NPR

Drugs That Work In Mice Often Fail When Tried In People

Most potential new drugs don't work when tested in people. It's a major disappointment and it drives up the cost of developing new drugs. One big reason is the use animals in medical research.

Most potential new drugs fail when they're tested in people. These failures are not only a major disappointment – they sharply drive up the cost of developing new drugs.

A major reason for these failures is that most new drugs are first tested out in mice, rats or other animals. Often those animal studies show great promise.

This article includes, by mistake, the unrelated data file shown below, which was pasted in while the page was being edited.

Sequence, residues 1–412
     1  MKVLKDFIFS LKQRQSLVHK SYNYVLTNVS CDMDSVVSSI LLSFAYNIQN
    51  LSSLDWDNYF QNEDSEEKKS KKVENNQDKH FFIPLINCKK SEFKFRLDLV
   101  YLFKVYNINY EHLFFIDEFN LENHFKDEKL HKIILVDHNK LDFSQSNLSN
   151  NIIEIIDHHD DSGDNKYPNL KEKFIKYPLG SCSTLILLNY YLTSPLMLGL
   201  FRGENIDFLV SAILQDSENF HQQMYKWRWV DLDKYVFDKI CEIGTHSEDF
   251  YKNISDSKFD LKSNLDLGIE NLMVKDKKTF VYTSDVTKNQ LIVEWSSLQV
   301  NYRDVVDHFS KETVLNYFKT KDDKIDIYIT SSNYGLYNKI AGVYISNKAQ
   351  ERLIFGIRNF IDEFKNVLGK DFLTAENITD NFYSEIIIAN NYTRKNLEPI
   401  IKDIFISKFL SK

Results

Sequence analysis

But mice aren't simply furry little people, so these studies often lead science astray. Some scientists are now rethinking animal studies to make them more effective for human health.

When scientists first started using animals in research over a century ago, the animals were not regarded as human stand-ins. Scientists studying rats were initially trying to understand rats, says Todd Preuss, an anthropologist at the Yerkes National Primate Research Center at Emory University.

"As this process went

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